When Micah was seven days old, the resident at UK Children’s Hospital told us she was transferring him to Cincinnati Children’s. In UK’s PICU (pediatric intensive care), they operated in-house. They shut down the entire unit to visitors, including parents, and performed surgeries right in the child’s room. When they were prepping Micah for transfer, we were told that they were breaking the rules to sneak us in the back to see him before transport despite an operation being in progress. You might be tempted to think that was considerate of them, but really they were concerned that he might die during the trip. Tears trickled down my face as I looked at my infant covered with tubes and wires, but the resident in the corner sobbed as she watched.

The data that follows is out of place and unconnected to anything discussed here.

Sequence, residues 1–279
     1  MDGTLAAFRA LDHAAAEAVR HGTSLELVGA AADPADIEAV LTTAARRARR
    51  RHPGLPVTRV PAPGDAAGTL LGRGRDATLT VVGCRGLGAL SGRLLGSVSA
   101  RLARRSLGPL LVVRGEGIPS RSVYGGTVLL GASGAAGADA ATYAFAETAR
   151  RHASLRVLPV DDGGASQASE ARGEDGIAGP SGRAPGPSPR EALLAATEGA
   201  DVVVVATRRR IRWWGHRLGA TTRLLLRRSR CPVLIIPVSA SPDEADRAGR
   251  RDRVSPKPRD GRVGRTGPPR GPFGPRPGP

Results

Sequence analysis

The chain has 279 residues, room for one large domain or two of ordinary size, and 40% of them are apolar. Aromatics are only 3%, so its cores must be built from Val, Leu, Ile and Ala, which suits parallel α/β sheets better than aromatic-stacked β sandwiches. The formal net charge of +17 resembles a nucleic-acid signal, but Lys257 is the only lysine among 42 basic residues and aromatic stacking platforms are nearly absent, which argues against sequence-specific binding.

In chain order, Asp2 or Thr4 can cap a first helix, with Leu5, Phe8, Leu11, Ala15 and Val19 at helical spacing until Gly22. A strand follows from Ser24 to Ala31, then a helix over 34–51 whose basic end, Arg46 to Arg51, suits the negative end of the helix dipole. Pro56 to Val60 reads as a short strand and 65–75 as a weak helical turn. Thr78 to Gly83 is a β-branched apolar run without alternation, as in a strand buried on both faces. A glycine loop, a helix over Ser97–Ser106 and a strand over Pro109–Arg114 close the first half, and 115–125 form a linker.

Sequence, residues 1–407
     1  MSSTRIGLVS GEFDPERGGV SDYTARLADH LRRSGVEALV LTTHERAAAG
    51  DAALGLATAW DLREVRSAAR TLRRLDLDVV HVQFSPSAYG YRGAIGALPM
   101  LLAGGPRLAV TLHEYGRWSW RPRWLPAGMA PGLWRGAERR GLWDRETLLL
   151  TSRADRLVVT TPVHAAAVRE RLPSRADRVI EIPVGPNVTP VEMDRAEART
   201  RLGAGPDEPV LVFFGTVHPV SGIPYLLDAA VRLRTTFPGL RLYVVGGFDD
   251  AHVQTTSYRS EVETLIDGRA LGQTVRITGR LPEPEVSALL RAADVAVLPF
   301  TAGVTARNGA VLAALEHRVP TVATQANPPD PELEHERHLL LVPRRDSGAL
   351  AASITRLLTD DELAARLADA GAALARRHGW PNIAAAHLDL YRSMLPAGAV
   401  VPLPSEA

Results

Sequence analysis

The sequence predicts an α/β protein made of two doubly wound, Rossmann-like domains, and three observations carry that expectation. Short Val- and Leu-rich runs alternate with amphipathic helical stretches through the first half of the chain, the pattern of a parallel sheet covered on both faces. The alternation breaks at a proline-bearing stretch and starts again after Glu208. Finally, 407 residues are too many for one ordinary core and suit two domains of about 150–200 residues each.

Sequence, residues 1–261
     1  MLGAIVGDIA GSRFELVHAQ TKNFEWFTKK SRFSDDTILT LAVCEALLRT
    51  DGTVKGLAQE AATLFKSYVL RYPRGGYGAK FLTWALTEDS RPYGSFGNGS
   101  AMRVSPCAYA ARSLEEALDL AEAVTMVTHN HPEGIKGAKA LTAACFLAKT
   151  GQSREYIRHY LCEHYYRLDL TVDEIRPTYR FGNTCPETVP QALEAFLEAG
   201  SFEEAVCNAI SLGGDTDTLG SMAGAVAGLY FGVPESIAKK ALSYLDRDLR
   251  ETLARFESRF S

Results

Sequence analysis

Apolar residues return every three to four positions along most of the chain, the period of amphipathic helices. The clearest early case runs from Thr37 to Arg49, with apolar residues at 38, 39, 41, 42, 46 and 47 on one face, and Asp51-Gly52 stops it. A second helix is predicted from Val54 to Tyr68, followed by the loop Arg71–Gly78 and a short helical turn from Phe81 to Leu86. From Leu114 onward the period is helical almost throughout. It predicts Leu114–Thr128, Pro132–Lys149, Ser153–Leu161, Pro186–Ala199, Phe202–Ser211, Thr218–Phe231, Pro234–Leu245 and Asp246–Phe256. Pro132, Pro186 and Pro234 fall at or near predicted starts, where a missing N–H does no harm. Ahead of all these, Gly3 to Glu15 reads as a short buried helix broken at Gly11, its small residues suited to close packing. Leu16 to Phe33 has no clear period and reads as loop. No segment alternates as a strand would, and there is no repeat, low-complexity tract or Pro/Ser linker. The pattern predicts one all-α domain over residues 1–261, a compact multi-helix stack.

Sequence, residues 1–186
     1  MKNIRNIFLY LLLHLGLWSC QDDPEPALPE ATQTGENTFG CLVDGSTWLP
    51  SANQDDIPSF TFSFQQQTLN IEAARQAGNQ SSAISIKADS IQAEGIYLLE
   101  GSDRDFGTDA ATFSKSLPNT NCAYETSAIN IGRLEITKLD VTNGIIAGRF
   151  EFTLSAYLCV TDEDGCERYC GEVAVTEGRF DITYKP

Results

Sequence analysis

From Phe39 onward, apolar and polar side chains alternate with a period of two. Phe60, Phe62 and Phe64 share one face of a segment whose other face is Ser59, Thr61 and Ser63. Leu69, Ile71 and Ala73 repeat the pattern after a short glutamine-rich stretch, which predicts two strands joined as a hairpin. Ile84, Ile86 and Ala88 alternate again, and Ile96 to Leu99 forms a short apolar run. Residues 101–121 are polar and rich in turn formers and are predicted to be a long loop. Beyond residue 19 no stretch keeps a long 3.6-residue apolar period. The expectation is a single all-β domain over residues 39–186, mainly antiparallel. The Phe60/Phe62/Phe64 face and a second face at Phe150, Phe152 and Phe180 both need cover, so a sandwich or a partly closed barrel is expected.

Later that same evening at CCHMC, a team of specialists wanted to put Micah on dialysis. His ammonia levels were so high that nothing else would clean his blood. The problem was that he was technically too small for their smallest dialysis machine. It would remove too much blood from his body. They had a plan to add extra blood to minimize the risk, but the risk was great. We signed the papers anyway. The other option was to watch him die without trying anything.
Risk is something that has gone hand-in-hand with Micah’s life. I’ve watched him with bated breath for eleven years. His runny nose affects his behavior. A low fever starts a sick day protocol and murmured prayers as I stress clean. A simple stomach bug lands him in the ER for fluids. Risk is inherent in him being alive. Not just him, but all of us, though often to a lesser degree.